Nan gaer ar in elin…” Galenion breathed, amazed at what stood before him. “By the sea and stars…”

“Galenion, I would ask that you do this thing. Our brethren are leaving these shores, now in greater numbers than ever. With the loss of the Three, the world diminishes even faster than before, and I needs must build the ships to carry the First Ones to the White Shores.”

Galenion gave pause, and Círdan turned his gaze from the cloaked palantír to his companion. After a while, Galenion, too, pulled his eyes from the covered stone, looking then back at the ancient Shipwright. “What would you have me do?”

“King Elessar and a contingent are due to survey Arnor this season, starting with the ruins of Annúminas, formerly a seat of one of the brethren of this very stone. I would have you bring this to him, either there or wherever you may encounter his company. But take heed, these lands are not made safe yet, as you well know. This seeing stone is ancient and if the lore holds true, not even Aragorn may be able to bend it from its course. Many times have I desired to pull back this cloth and gaze on the Tower of Avallónë upon Eressëa, but by grace have had the will to resist. Perhaps Aragorn will have no use for this palantír, but that is for him to decide. It must be given him, but it must be transported with care. I know not what might be accomplished through this stone in the wrong hands.”

“If this thing can be done, I will do it,” Galenion resolved. “I have traveled far in this worlds-realm, and would travel farther yet. You are wise and learned, Círdan. If you believe I am fit for the task, I shall gladly bear this burden to the new King. And if shadow falls across my path, I have Galacharn to light the way.” He placed a hand upon the weapon’s hilt.

“You will need to travel fast and light, for orcs and other foul things are still a blemish upon Eriador. Annúminas itself is no safe haven. Still, if you will bear them, I have some items that will aid you on this journey.”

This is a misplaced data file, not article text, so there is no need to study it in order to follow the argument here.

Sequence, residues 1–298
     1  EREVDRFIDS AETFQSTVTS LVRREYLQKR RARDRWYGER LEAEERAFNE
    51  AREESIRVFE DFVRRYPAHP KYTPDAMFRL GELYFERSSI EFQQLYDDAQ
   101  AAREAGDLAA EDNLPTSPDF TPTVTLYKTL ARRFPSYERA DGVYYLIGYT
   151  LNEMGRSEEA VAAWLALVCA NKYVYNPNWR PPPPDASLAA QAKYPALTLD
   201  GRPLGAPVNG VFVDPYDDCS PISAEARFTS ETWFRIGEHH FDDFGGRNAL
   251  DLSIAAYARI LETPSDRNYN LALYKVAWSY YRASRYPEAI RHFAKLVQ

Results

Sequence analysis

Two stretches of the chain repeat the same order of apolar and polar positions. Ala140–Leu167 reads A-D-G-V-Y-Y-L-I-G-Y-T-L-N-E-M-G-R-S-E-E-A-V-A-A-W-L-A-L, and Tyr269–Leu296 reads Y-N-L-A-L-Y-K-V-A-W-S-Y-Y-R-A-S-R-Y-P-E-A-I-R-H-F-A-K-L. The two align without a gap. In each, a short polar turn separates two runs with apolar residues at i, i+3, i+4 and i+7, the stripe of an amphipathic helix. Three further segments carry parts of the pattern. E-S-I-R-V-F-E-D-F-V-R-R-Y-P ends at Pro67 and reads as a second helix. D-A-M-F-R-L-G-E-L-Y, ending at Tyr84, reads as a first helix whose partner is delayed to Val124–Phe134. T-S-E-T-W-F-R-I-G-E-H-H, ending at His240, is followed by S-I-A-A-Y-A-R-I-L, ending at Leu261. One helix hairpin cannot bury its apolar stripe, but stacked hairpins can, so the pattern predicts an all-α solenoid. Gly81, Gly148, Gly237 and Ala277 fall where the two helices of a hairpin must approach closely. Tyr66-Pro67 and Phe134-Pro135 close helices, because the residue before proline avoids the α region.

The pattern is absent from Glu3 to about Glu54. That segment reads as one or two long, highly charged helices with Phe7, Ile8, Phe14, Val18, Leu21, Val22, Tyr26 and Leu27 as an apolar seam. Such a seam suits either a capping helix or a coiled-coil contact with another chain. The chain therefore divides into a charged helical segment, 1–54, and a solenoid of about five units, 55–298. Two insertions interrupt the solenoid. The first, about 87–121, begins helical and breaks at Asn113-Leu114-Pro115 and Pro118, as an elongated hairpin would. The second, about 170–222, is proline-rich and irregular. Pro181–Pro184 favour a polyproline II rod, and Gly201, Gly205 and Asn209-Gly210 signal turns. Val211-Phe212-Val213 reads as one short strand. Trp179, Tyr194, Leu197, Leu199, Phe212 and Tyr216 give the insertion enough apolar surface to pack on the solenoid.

Círdan carefully drew up the palantír, keeping it concealed and wrapping it more closely in the velvety cloth. Galenion furrowed his brow a bit and held out his hands to receive the palantír, though take it from the Shipwright, he would not, until the other deemed it ready.

Círdan handed the heavy bundle of the stone over to Galenion and cracked a smile. “First, I think, we shall get you a bag.”

“You are indeed a generous host, my lord,” Galenion replied with a grin.

The Shipwright grew serious again as he led Galenion down from the tower and to a storeroom. “I shall say again, speed and safety are ever important. Take not the time to gather food along the way. Take rather this lembas and this skin of miruvor. They shall nourish you well. Your cloak will hide you well from the eyes of whatever Enemy is to be found. Take this rope, made of hithlain, for no straight road will lead you to Annúminas, and many are the drops and rises in Emyn Uial.”

Finally, Círdan picked up a small, sheathed dagger and handed it to his companion. The knife gleamed as Galenion drew it from the black leather set with many green stones. It was long, leaf-shaped, and keen, of marvelous workmanship, damasked with serpent-forms in green and silver. He looked quizzically at the Shipwright. “I know your own Galacharn to be more than able for this task. And yet I foresee you may find a use for this blade on your journey. It was forged many long years ago by Men of Westernesse. If for no other reason than that, bear it hence, for such things belong to Elessar.” Galenion nodded and sheathed the blade anew.

Anor sílatha erin râd gîn, Galenion. May the sun shine on your path.”

Gen hannon. I thank you.”

“And now, be away!”